However, Afghan soldiers and police retook the area Friday morning, according to the governor of the province.
"The district is under our control," Gov. Marajudin Pathan told the Associated Press.
More than 100 Taliban fighters launched the attack Thursday evening in the Giro district, according to officials, setting fire to buildings and cutting telephone lines.
Friday morning, more than 250 Afghan troops from Ghazni and the nearby province of Paktika recaptured the city. Police and soldiers were searching nearby villages for any remaining Taliban fighters, according to Pathan.
The attack came despite the presence of 47,000 NATO and U.S. troops in Afghanistan -- up from 32,000 at the beginning of 2007. It also underscored the vulnerability of rural and remote areas to coordinated assaults by Taliban fighters, according to the AP.
Violence across Afghanistan has increased in recent weeks, after a winter lull, as Taliban fighters target both Afghan and coalition forces. Roadside bombs have killed more than 20 Afghan troops in a string of attacks over the past week.
Friday morning, a NATO coalition service member was killed during a gun battle with insurgents in the western province of Herat, according to a coalition statement.
And in the eastern Uruzgan province, militants ambushed a police convoy and killed four policemen. Six Taliban fighters also died in the attack.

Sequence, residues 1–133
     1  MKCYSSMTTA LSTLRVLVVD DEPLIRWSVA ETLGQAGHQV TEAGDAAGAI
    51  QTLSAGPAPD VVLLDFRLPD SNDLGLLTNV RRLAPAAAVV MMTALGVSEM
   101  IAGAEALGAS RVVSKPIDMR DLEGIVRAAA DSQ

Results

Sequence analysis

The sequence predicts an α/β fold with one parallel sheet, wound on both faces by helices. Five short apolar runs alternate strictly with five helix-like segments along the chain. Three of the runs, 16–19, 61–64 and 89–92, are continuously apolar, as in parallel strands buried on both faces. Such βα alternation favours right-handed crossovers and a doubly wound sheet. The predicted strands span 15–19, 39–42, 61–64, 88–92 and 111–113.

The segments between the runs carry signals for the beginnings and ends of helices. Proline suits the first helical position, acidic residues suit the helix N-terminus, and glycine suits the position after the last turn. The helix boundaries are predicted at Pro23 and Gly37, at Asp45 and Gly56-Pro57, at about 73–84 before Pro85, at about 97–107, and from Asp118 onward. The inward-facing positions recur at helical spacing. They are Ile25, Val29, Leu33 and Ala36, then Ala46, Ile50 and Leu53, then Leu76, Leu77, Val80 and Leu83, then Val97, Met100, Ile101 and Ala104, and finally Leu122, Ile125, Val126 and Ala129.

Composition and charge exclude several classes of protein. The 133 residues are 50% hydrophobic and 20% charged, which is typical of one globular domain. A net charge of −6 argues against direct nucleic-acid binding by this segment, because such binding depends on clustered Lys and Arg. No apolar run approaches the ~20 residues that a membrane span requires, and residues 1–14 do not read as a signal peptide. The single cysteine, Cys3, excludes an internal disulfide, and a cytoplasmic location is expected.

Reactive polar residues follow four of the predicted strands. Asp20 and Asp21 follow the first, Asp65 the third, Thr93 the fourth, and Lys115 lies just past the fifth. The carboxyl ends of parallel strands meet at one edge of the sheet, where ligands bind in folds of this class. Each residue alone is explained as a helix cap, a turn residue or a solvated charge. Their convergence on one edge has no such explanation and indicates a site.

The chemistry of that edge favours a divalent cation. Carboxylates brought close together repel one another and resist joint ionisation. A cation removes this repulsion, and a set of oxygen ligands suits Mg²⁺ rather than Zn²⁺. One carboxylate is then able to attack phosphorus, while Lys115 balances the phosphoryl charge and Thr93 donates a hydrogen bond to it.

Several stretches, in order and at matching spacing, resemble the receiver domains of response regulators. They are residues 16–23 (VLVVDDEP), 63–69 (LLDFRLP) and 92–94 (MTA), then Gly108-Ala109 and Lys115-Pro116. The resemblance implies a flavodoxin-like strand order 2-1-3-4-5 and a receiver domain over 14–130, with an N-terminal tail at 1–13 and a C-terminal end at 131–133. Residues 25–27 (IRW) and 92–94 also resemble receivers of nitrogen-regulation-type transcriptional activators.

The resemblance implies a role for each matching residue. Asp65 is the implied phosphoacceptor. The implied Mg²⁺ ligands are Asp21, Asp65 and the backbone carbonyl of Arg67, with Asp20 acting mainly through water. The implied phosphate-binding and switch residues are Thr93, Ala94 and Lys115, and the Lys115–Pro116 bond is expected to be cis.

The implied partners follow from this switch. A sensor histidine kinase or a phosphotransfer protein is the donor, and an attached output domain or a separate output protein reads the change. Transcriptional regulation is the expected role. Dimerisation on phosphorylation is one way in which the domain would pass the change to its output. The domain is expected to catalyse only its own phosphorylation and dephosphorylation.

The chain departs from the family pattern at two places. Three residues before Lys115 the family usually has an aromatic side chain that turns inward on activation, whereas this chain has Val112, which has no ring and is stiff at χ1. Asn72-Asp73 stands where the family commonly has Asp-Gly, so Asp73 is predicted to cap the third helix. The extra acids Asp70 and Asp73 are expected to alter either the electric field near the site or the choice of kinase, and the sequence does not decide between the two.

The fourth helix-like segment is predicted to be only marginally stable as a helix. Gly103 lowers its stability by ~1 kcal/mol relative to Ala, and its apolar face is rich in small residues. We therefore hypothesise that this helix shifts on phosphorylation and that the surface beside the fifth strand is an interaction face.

Also last week, a suicide bomber killed 10 people in the northern Kunduz province, and police said they foiled a bomber in Kabul.
Overall, violence in Afghanistan has increased this year, according to AP statistics. There have been 40 suicide bombings around the country this year, three times more than during the same period in 2006.
And about 320 Afghan civilians and military, and 680 militants, have been killed so far in 2007. That's nearly double the number killed in the first four months of 2006.
Still, NATO officials say that they are optimistic about the chances of their biggest offensive yet, in southern Afghanistan, to counter militants in the opium-producing Helmand province. They also say that the Afghan national army is becoming a more effective fighting force.
"Only the Afghan government can win this battle," New York University Afghanistan expert Barnett Rubin told the AP. "If we fight a colonial war, we lose."